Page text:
Home Op-eds Elephants, Task Force and Tolerance

Michael Beren’s award winning articles in the Seattle Times comprehensively covered the plight of elephants in zoos generally and the disturbing conditions for the Woodland Park Zoo elephants, Chai, Bamboo and Watoto, specifically.  Public response to these articles, as well as years of pressure by dedicated elephant advocates, pressed the WPZ to appoint a Task Force.  The stated purpose of this Task Force is to “conduct an objective and transparent review of WPZ elephants’ health and care, and the value of the elephant program and exhibit to the zoo’s education and conservation objectives”.

Many long-time elephant advocates have been concerned about the objectivity and transparency of the Task Force.  Numerous Task Force members have direct or indirect ties to the zoo.  Some members  serve on the zoo board.  The Task Force was appointed by the zoo and has primarily been informed by the zoo industry.  Of particular concern to elephant advocates is the head of the Expert review Panel,  Brian Slinker, DVM.  In an earlier op-ed for the Seattle Times, Dr. Slinker stated his position that the elephants should remain at the zoo.  This certainly brings objectivity under serious question.

The Expert Review Panel’s conclusions that Chai, Bamboo and Watoto are healthy and happy contradicts zoo medical records that indicate otherwise, and contradicts years of direct observation by elephant advocates

The zoo has been instructed, as described in Michael Beren’s articles, to refer to elephant advocates as “extremists” in order to discredit their efforts on behalf of elephant welfare. It is understandable that many of these advocates have little confidence that a zoo-appointed Task Force would be objective or consider the elephants’ welfare first and foremost.

And yet, as I attended Task Force meetings, I observed that some Task Force members asked questions and raised issues that indicated they valued the elephants’ well being over zoo interests.  Some members openly questioned the zoo’s conflation of the tragedy of wild elephants with the zoo’s need to retain elephants as “ambassadors”. Although the cards seemed stacked against elephant advocacy, it seemed to me that there was a slim hope of a reasonable response by the Task Force as a whole.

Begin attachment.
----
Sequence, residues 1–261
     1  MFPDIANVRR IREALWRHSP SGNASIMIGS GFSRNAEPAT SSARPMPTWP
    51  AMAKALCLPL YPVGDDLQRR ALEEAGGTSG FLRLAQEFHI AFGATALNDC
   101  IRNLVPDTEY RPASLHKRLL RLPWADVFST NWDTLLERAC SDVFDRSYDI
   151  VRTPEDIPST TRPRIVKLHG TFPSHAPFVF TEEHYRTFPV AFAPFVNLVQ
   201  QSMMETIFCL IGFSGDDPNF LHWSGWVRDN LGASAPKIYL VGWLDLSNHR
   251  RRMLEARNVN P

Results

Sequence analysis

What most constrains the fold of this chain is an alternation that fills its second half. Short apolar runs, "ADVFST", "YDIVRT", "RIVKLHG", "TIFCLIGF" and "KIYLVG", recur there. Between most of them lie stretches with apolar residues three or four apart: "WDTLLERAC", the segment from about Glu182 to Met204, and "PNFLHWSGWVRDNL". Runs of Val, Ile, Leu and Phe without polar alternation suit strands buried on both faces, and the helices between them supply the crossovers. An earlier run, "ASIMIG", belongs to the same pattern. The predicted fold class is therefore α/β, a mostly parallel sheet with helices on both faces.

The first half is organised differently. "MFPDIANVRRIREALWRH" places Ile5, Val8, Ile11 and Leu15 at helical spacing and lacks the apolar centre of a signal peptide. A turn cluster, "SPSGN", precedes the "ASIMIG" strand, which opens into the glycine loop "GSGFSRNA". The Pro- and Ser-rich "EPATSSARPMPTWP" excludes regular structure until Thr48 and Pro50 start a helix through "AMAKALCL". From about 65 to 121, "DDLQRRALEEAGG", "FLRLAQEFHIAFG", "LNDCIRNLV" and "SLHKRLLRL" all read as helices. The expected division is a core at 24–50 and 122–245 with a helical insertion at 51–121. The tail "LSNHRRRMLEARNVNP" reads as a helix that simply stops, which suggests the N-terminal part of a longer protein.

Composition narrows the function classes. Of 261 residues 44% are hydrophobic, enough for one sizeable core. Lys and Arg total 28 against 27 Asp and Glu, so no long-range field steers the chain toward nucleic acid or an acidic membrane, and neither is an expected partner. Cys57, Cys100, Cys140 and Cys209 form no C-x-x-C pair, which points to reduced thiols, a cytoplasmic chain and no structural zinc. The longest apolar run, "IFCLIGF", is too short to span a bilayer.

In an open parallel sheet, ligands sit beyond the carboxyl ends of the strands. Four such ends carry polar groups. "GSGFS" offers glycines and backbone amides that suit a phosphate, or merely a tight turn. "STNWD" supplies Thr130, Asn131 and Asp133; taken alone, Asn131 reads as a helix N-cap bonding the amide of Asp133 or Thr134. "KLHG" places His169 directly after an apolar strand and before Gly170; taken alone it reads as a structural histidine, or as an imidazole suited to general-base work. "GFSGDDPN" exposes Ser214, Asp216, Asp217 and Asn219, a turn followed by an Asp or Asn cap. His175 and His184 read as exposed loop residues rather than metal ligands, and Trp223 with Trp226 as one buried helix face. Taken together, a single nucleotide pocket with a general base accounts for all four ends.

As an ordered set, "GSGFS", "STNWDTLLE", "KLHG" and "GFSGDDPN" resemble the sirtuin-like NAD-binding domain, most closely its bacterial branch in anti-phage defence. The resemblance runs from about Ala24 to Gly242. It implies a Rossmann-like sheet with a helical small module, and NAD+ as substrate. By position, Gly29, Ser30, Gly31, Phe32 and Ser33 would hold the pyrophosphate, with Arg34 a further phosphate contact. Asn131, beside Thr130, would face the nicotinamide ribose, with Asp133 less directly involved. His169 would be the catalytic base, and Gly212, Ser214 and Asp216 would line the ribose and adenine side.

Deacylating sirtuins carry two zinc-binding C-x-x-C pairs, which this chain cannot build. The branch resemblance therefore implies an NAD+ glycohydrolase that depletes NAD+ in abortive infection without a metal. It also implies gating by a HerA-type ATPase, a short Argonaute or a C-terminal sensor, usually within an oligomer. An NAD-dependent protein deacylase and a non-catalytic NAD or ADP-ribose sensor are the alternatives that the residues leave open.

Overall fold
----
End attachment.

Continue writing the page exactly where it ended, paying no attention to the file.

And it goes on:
Some members of the elephant advocacy community have dismissed the Task Force as “task farce” rather than allowing it to come to reasonable conclusions without excessive criticism.  Although this  is  an understandable response after many years of frustration with, and complete non-cooperation from, the zoo, are we, as dedicated elephant advocates, treating the Task Force members with the same deep distrust, suspicion and disrespect with which we have been treated?

Since animosity typically prevents rational discourse, perhaps reframing the Task Force efforts in light of what may be possible, instead of the disappointment seen to date, could demonstrate to reasonable members that there are more humane possibilities for the elephants than zoo-framed solutions.  Of course, this would require that we, as elephant advocates, treat the Task Force with the respect and consideration that we hope to receive ourselves.

There are numerous rationales for distrust on all sides.  Suspicion easily becomes a habitual response.  Hearts harden, arms cross, stances are taken, nobody budges. Would we elephant advocates rather be right or be effective?  Is it possible to be more effective in finding the best outcome with less criticism and more cooperation?  I realize that many avenues have been  explored to no avail.  What I want to suggest is a new attitude and language that is not necessarily “us against them”.

The Task Force is deeply flawed, but  dismissal does not help the cause, nor improve the potential of conversation over conflict.  Elephant advocates may end up looking as extreme as the zoo says we are, and as inflexible as we accuse the zoo of being.  It’s tough to adhere to a higher standard of language and behavior when the odds are so stacked and the campaign so frustratingly long and the cost for the elephants so distressing.  Is it possible to rise above the fraught history with an intention of best results for all concerned, especially Chai, Bamboo and Watoto, and including even the zoo and Task Force?

“Anger and intolerance are the enemies of correct understanding”   –Mahatma Gandhi

“The end of war with myself and my thinking is the end of the war with you” — Byron Katie

It has been a long term struggle for elephant advocates, but I persist in the notion that we may well win better by aiming higher.

Featured image by C. Lagally of the Woodland Park Zoo Task Force.

About Jeanne Barrett

Jeanne Barrett has been teaching the Alexander Technique since 1987. She is a native of Seattle, and would consider her life well lived if she can help Chai, Bamboo and Watoto live more natural lives in an elephant sanctuary.

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